If you do have an Intel chipset based machine, get the latest Chipset Software INF installer from Intel's website but make sure to get the executable version, the .exe file. Once you've downloaded it, open a Command Prompt in the directory/folder where the .exe is located (hold Shift and right-click in the directory/folder and choose Open command window here) and execute it with this additional switch:

    That -overall switch forces the chipset INF installer to update ALL the INF files for Intel related hardware in the system to the very latest ones available so, don't be surprised if you start hearing that "dunk dunk" sound of new hardware being detected after you reboot - it's working properly because it's now using updated more current "drivers" (INF files aren't really drivers, to be honest, but the principle holds). If you just execute the .exe installer normally with a double-click on it you'll only get a few INF files updated and not all of them (which is like 20+ on most Intel-based hardware configurations).

    AMD never supplies chipset drivers to Windows Update and neither does Nvidia so those must be downloaded direct from their respective websites as needed so that's a must for proper (and well performing) system operation anyway.

    Network drivers are the same way: an updated network driver isn't about suddenly boosting network performance, it's just to improve stability more than anything else, even Wi-Fi drivers but there are times when it's possible that a particular update or version can have some issues with specific aspects like WPA encryption problems, WPS support, etc. While I'm not a fan of jumping on every damned driver update that comes along - when you have a system that just works, leave it alone (from the driver perspective, at least) - sometimes an update is actually meant to be installed to cover issues that were discovered but it's not very often that performance increases, only stability.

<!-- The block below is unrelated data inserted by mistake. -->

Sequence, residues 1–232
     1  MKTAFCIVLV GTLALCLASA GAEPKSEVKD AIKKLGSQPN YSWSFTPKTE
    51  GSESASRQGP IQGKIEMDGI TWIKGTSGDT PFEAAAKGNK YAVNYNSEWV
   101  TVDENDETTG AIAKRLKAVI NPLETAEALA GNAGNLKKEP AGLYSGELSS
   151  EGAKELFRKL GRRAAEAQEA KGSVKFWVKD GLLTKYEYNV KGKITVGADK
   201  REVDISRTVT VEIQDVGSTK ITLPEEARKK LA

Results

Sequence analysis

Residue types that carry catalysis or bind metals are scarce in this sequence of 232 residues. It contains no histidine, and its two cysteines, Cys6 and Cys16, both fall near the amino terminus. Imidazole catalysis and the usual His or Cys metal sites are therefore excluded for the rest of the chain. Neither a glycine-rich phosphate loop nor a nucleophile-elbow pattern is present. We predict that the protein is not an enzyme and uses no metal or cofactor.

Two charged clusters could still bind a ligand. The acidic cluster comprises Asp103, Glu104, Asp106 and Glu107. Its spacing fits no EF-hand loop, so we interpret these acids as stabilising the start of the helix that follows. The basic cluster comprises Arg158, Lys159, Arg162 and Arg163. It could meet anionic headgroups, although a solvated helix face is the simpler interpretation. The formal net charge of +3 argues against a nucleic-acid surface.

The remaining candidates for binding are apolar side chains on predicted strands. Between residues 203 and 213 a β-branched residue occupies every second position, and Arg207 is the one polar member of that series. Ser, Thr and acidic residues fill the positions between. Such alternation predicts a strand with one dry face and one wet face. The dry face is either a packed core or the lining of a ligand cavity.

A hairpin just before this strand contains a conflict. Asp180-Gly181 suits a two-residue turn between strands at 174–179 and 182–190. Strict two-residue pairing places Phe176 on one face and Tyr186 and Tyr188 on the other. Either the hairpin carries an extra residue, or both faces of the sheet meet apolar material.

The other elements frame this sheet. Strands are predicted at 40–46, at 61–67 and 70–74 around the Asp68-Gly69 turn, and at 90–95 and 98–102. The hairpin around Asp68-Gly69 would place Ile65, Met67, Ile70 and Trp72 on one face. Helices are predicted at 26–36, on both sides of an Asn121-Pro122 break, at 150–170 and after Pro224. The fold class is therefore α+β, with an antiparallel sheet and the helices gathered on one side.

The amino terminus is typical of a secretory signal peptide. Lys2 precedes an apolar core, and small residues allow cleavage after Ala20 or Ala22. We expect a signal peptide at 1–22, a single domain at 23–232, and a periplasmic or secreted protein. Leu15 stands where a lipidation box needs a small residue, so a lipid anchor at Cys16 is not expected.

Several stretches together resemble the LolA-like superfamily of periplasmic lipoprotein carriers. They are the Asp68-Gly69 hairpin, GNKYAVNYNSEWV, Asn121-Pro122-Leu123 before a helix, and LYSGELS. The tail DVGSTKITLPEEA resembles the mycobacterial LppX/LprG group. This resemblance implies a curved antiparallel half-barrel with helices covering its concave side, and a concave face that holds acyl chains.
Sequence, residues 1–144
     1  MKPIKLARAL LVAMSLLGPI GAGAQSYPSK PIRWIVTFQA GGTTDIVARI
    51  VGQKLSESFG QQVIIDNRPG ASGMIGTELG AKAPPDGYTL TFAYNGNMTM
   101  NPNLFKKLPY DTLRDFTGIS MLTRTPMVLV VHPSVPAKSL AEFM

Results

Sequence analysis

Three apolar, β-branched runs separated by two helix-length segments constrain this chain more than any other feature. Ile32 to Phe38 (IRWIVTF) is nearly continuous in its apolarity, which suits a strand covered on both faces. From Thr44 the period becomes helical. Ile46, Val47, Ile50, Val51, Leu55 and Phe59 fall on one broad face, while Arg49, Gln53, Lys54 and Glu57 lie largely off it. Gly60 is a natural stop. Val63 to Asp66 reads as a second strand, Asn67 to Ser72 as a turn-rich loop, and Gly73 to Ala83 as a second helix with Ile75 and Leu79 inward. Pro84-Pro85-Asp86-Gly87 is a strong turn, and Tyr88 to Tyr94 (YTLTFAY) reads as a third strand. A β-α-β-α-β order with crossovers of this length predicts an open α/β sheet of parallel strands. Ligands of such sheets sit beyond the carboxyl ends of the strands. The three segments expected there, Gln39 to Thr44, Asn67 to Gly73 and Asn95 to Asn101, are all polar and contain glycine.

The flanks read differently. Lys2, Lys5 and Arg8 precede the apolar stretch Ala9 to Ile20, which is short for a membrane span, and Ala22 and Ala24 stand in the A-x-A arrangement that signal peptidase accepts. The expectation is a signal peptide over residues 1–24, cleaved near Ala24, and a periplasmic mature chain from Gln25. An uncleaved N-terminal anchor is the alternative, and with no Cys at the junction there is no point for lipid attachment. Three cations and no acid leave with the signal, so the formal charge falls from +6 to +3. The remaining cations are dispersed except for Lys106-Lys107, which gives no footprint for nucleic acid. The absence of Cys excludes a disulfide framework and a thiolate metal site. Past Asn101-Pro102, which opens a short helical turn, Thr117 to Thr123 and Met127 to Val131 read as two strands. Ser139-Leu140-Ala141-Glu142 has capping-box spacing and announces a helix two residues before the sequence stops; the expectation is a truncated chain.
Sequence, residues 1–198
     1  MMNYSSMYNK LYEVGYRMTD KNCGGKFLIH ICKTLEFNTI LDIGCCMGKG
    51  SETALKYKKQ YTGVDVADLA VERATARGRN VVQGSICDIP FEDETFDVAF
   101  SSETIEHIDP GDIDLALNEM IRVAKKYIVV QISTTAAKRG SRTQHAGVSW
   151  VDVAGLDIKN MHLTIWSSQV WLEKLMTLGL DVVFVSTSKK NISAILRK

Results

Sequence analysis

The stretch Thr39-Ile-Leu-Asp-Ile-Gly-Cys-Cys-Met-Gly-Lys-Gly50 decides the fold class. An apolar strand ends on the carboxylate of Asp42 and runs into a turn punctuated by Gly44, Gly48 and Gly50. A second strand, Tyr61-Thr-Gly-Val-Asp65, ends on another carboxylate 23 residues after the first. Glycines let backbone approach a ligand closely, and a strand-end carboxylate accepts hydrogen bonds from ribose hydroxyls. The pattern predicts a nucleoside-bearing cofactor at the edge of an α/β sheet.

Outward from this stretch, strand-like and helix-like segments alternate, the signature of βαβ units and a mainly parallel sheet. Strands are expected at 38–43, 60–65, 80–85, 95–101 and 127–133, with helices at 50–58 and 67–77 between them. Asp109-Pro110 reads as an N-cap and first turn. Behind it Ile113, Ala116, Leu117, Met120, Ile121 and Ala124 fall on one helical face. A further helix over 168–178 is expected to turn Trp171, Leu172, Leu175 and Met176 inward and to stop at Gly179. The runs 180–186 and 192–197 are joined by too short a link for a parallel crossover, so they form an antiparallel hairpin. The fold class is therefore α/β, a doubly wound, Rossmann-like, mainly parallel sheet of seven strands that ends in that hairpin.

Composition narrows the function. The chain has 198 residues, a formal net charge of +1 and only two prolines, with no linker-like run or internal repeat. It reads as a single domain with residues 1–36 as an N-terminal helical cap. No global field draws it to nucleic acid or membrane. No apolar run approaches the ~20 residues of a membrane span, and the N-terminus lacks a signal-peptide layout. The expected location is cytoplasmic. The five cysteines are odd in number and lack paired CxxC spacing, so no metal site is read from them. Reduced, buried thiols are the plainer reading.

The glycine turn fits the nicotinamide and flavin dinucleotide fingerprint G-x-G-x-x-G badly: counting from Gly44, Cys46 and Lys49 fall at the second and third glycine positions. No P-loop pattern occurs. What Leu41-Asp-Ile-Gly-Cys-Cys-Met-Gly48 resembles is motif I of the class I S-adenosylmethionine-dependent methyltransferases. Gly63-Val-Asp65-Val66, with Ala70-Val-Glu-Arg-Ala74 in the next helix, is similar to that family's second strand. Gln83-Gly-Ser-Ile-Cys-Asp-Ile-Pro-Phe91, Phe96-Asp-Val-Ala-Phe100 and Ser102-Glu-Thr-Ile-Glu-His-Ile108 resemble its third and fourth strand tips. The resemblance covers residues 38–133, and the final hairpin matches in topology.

So, my recommendation is to use the drivers provided with Windows 10 and then use those provided by Windows Update for the hardware if they're available as some items (notably Broadcom Bluetooth/security/network devices, some Ricoh card reader drivers, and others that by license cannot be distributed by Windows Update nor will the manufacturers actually provide them to Microsoft). Use the video drivers included with Windows 10 and Windows Update (if necessary) until you get the system up and running and functional and then grab the latest ones from AMD or Nvidia or even Intel as required depending on your GPU of choice. Most everything else will probably be better off using the certified stable drivers provided by Windows Update if they happen to exist.

    Good luck.
     
    Last edited: Jul 24, 2016
    Shadohh likes this.
  5. bigdogchris

    bigdogchris Wii was a Novelty

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    You can set up a local account with the network connection plugged in.

    Microsoft also will download updates during setup that are released to fix installation errors. While it may work fine for many users, it may not be a good idea to recommend unplugging the cable during install for all users.
     
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  6. Ocellaris

    Ocellaris Ginger @le, an alcoholic's best friend.

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    Presuming this happens, unfortunately it doesn't download the huge "Threshold 2" update. I wish Windows was more like Linux and could simply download ALL of the updates during install.
     
  7. heatlesssun

    heatlesssun [H]ard as it Gets

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    You can download the latest image, at least while it's free, from Microsoft and it just installs a cumulative update. From start to finish using a flash drive, installing Windows 10 and getting it updated took only 15 minutes on my sig rig. Of course the 750 had a lot to do with that. But yeah, get the media creation tool and get the latest image. That's going to change next week with the Anniversary Update. I'm guessing that tool will still be available but that it won't activate without a purchased Windows 10 key after Friday.